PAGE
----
I was too young to vote in the Republican referendum of 1999 but remember it quite well. My mother, a fond monarchist and royal watcher decided to give me her vote, her reasoning being that I was going to be around for longer than her so it would make more sense for it to be my say. It was a thoughtful thing for a mother to do and I told her I wanted an Australian republic.
My mother and I are of course from very different generations. She grew up with God Save the Queen as our national anthem and Australia was part of the British Empire. I grew up with Advance Australia Fair and to me at least the Queen and the Royal family never seemed like anything I had any remote connection to. I always needed to remind myself that she was also the Queen of Australia as well as England. The royal family seemed no more Australian than the President of America or the King of Spain, a curious colonial oversight from days gone by.
1999 referendum was a major loss for Republicans and the movement has been on life support ever since. But still it was hardly a victory for monarchists either. The “no” campaign knew that the majority of Australians no longer thought of the Royal family as ours and they instead criticised the model of the Republic, calling it the “politician’s republic” to play into people’s distrust of politicians and to split the republic vote. They didn’t appeal to fondness for England and the Queen because they knew that was an argument that they couldn’t win. They may have won the battle, but general apathy towards the crown still reigns supreme.
But where has the Republican movement been in the last ten years? We have had two republican prime ministers, one republican opposition leader and still we can’t get a government to have the courage of its convictions to push the issue. The general catch cry from republican politicians is that we will revisit the issue but not until the end of the current Queens reign. It just stinks of laziness that they think that convincing Australia for a republic is too hard but King Charles’s unpopularity will make them win the argument by default. If a republic is going to win just because people don’t like Charles then it really doesn’t deserve to win.
I believe in democracy, and so I see no need for our elected government to serve at the pleasure of someone who receives their role because of hereditary privilege. I despise the class system and believe the Monarchy is not a system that truly represents an egalitarian society. I believe in freedom of religion, and I don’t want my head of state to also be Supreme governor of the Church of England and I also don’t want any 300 year old laws making it illegal for a Catholic to be our head of state. We can not be a true secular society whilst we retain the monarchy. I believe that Australian’s should one day have the opportunity to be the head of state, and I want that to be decided by duty, service and who is most qualified for the job, not by who was the first male to come out of the right vagina.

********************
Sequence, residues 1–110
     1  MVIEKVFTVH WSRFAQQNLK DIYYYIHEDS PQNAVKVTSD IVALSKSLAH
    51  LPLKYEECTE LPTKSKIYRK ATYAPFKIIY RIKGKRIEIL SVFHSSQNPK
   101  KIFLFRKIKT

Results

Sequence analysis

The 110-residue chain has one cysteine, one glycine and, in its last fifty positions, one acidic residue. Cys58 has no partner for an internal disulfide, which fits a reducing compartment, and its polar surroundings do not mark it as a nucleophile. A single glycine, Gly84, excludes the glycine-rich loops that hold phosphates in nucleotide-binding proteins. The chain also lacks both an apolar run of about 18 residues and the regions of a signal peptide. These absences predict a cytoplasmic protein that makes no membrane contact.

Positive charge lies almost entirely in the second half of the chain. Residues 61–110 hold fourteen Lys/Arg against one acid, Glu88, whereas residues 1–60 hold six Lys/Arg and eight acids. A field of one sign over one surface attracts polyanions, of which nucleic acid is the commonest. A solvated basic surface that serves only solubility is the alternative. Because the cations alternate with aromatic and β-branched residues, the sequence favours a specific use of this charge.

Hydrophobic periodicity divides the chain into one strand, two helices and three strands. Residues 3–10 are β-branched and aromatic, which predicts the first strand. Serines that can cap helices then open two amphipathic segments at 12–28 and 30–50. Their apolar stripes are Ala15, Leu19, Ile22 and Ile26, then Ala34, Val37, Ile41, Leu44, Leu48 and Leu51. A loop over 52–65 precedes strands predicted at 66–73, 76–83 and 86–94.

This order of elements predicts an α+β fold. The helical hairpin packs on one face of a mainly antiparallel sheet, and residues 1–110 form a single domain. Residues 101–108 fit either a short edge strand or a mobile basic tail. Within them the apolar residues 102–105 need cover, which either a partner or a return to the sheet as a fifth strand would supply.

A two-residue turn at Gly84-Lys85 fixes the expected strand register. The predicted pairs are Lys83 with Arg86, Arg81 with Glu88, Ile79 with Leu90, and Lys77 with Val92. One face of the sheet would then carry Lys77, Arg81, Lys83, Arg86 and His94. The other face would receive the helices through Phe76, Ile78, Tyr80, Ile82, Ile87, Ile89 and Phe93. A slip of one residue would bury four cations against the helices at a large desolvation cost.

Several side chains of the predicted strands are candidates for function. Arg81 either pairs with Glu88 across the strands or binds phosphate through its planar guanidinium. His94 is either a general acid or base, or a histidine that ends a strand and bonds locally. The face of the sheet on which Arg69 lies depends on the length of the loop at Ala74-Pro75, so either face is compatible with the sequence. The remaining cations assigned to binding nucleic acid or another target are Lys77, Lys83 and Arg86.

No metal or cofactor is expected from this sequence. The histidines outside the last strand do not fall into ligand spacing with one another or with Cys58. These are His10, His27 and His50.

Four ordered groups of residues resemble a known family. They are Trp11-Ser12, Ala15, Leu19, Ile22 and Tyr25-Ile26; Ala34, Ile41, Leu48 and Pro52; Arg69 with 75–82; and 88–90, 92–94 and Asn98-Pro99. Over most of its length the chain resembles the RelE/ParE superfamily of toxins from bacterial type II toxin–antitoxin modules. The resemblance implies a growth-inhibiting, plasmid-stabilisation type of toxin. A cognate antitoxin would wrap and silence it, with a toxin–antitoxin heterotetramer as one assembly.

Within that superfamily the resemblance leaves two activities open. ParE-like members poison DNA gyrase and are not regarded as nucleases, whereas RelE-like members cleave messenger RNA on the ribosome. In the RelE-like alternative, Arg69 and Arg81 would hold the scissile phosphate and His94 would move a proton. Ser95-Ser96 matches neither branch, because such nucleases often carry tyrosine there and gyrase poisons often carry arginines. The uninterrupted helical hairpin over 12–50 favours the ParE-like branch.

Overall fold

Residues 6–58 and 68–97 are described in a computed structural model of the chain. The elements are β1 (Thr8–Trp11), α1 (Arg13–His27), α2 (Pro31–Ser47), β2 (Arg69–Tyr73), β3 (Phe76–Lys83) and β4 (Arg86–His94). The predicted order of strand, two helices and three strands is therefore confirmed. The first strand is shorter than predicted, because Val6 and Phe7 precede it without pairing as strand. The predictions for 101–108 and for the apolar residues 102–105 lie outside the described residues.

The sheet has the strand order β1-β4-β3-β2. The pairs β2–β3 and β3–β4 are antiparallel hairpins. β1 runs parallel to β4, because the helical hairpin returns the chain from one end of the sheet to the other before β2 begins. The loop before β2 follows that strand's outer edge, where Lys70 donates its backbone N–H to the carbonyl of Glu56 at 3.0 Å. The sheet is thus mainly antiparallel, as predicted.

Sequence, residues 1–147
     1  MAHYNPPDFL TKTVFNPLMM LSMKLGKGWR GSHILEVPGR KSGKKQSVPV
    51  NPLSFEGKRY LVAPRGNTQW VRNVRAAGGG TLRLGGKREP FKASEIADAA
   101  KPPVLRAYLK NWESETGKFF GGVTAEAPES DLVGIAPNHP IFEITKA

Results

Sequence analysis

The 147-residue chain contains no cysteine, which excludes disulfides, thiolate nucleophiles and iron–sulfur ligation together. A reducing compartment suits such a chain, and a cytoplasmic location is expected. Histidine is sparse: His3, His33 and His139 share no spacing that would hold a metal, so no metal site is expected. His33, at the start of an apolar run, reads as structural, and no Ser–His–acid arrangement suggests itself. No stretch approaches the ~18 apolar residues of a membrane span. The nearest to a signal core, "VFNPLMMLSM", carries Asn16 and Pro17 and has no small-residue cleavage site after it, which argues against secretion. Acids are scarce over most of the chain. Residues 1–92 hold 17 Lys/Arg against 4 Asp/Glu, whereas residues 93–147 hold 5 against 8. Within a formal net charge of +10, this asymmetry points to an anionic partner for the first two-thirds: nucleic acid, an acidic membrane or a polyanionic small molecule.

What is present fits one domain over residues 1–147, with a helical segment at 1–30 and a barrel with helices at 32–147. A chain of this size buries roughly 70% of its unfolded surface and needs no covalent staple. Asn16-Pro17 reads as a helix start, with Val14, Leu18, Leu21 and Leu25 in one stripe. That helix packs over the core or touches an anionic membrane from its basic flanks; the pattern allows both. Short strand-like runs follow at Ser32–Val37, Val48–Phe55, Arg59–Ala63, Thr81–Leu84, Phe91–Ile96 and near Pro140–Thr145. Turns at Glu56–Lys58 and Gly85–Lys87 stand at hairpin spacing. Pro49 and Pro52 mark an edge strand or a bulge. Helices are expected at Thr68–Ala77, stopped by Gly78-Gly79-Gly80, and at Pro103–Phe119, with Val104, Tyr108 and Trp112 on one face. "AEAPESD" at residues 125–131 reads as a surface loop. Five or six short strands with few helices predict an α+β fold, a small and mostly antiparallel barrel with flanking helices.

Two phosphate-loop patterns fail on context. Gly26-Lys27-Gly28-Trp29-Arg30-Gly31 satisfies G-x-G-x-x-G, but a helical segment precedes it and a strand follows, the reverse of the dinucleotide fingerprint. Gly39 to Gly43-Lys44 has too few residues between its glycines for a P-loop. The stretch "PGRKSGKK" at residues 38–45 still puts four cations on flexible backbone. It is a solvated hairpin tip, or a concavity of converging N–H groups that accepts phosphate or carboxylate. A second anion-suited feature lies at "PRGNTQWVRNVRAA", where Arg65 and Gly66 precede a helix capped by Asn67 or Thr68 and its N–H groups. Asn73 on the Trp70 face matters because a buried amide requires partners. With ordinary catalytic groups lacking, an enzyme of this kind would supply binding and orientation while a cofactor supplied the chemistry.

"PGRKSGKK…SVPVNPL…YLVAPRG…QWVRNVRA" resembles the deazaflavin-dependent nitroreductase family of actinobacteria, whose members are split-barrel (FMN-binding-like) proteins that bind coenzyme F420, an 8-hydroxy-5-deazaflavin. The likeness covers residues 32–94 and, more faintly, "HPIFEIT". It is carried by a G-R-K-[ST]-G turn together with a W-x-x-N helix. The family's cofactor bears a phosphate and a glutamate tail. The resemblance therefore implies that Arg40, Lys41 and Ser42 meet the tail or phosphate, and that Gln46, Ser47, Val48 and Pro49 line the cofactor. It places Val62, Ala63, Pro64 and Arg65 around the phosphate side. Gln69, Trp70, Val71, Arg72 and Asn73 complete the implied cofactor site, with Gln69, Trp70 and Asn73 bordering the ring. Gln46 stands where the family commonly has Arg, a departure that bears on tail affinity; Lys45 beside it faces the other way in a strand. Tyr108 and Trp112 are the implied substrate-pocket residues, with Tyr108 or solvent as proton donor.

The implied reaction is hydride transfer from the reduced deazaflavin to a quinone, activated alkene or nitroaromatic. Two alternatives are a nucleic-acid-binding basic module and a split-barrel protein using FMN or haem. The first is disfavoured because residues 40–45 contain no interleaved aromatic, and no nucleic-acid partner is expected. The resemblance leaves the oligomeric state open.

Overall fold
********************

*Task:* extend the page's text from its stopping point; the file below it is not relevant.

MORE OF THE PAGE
These are beliefs that I am passionate about and they are why I am a republican. I want Australia to be a republic because people believe in these ideals, not because of the unpopularity of the monarch of the time. The argument for a republic is as valid right now as it is ten or twenty years from now and if republican politicians really believe in a republic, and yes that means you Julia and Malcolm they should be pushing for it, advocating for it now. That is if you really believe in it.
Likewise the Monarchists who want to defend their preferred system may need to refine their arguments if last nights Qanda is anything to go by. Between the Monarchist who came to the studio clutching a teddy bear and speaking in a pretend posh accent and Angela Bishop supporting the monarchy because of the cult of celebrity the only monarchist with anything serious to say was Nick Minchin. Minchin didn’t seem to like, dislike or particularly care about the Royal family either way but argued that it’s a system that has provided relative stability to our political system for the last 110 years. It’s a fair point, but I don’t think it is beyond us to create a republican system that provides the stability of our current system but with an Australian head of state. If only we had a few politicians who were actually passionate enough to fight for such a thing.